Once the new boat arrived on September 10, 2001 and its connection to the new dock was complete, the Fire Marshal inspected the set up and concluded that the facility needed additional ramps to comply with code. He concluded that the casino could not remain open unless Harrahs continued to maintain a fire watch. After an abortive appeal, Harrahs decided to build a third ramp. HBG claims Harrahs asked it and Thompson to submit plans for building the third ramp. HBG claims Harrahs chose to go with Thompson and fired HBG. Harrahs, on the other hand, contends that HBG continued to be involved with the third ramp until its completion.

Harrahs brings the instant action against HBG, alleging that it breached both express and implied warranties by submitting a plan for the dock that did not comply with applicable code.

III. Analysis

HBG raises five, alternative grounds for granting it summary judgment on the issue of damages for fire watch expenses: (1) Harrahs cannot recover pursuant to the rule of Hadley v. Baxendale, 156 Eng. Rep. 145 (Ex. Ct. 1854); (2) Harrahs cannot recover for an illegal act; (3) Illinois' anti-indemnity statute prohibits recovery; (4) Harrahs cannot recover because it prohibited performance; and (5) Harrahs waived its right to insist on full code compliance.

A. Hadley v. Baxendale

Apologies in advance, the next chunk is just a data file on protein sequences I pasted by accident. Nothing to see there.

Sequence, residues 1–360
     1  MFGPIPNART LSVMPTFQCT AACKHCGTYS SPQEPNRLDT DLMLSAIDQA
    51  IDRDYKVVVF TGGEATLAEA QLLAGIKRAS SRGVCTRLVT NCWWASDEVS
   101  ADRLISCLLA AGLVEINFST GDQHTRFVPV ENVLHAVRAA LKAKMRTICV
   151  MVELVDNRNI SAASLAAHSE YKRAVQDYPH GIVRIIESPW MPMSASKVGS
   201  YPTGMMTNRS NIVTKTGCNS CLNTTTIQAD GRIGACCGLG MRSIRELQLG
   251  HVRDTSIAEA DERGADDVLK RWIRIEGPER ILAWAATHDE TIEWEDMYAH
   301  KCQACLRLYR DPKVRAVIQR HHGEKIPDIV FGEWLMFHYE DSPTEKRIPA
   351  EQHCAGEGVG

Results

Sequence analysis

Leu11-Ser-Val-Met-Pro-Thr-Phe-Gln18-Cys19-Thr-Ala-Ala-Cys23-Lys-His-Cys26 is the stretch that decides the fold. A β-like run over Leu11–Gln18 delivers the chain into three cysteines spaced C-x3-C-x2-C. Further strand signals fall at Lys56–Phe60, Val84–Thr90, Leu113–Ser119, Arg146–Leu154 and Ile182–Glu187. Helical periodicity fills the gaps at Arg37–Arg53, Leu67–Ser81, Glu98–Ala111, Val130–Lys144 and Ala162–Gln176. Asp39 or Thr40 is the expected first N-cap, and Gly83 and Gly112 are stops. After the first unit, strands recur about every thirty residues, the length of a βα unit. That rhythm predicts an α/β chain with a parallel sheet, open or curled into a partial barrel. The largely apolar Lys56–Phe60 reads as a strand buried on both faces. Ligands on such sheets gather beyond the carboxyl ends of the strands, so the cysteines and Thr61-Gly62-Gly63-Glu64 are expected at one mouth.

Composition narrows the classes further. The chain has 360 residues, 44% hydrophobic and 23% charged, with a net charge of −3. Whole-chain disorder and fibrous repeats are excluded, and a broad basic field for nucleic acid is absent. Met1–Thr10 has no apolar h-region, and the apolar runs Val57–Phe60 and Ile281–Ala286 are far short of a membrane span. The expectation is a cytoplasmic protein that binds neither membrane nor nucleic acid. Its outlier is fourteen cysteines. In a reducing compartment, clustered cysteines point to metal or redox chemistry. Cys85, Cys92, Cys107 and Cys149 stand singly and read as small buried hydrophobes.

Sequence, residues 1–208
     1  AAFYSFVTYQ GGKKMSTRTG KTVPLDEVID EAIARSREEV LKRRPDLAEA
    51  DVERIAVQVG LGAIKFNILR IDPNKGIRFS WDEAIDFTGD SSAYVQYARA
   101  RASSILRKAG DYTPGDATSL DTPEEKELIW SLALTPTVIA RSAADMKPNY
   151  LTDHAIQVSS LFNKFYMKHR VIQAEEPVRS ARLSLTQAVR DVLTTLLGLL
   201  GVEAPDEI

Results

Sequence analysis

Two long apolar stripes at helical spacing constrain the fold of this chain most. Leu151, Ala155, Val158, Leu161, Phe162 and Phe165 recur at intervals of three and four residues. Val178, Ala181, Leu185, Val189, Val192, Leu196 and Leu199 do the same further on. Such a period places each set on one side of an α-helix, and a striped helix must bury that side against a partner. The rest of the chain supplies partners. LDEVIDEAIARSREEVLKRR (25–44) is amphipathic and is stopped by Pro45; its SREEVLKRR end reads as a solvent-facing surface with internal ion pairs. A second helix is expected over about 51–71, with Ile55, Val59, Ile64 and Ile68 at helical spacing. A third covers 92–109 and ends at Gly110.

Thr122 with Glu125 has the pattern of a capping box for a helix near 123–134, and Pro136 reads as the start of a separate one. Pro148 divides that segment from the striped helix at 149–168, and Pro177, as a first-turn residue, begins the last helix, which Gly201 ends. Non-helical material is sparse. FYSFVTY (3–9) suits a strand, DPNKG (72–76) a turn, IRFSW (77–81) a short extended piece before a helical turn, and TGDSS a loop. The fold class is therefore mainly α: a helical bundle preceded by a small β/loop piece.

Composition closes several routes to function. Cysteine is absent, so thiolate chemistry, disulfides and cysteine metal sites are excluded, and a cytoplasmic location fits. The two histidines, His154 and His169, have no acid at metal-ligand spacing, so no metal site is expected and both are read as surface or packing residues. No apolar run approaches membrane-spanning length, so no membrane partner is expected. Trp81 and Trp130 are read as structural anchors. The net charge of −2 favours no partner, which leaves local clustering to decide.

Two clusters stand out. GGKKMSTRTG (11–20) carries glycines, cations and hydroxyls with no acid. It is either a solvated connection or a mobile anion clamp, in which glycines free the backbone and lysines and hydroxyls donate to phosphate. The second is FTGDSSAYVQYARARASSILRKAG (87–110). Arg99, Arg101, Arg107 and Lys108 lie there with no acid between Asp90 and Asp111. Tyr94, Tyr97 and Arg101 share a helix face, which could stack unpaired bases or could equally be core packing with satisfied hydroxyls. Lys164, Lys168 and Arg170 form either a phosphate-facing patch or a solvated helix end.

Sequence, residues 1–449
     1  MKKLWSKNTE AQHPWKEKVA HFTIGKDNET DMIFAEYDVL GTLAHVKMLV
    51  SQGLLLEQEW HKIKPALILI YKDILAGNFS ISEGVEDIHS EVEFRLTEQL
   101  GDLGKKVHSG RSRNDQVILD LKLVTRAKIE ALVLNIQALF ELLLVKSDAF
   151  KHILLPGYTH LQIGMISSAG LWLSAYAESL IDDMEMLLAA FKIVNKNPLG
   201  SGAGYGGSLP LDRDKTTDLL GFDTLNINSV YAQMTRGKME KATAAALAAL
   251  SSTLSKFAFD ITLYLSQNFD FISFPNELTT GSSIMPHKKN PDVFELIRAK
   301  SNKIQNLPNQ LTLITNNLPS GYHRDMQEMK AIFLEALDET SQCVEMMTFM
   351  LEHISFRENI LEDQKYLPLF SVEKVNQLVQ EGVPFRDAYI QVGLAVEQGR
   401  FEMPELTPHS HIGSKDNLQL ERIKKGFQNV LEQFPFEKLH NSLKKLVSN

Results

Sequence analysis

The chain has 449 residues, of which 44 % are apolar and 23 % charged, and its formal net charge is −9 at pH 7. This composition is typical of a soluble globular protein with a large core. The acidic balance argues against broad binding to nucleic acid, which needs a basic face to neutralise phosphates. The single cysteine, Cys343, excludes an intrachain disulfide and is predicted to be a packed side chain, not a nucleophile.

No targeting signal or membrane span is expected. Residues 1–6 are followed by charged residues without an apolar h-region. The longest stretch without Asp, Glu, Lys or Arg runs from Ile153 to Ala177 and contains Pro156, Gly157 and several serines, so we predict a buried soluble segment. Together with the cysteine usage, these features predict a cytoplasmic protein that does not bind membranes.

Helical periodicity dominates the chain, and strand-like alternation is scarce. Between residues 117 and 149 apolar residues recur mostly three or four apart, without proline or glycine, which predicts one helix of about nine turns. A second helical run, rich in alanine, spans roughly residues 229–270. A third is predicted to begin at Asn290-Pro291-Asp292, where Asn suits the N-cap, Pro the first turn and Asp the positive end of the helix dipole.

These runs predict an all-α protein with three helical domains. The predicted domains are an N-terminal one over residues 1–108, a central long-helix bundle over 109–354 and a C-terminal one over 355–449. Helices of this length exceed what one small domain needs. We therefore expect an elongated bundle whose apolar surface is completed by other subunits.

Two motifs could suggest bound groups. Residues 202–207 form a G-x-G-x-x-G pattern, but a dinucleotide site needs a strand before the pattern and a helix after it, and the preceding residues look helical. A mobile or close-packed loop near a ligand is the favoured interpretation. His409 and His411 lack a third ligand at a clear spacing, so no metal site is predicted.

Citing Hadley, HBG claims it cannot be liable for the fire watch damages because the parties never contemplated that Harrahs would "open early." (Doc. 61 at 8). It further contends that the Agreement specifically addressed how the parties would act if the casino failed to obtain the necessary permits: HBG was to redesign the dock and assist Harrahs in obtaining the proper permits. Harrahs, on the other hand, argues that the fire watches are common in the industry, making them at least foreseeable, if not within the contemplation of the parties. In support of this proposition, Harrahs notes that the Office of the State Fire Marshal (OSFM) can require a fire watch when a particular building does not meet the applicable codes. HBG's code consultant, Jeff Boyle, testified at his deposition that he was aware that a fire watch is a possible course of action for a fire marshal to take in the face of code problems.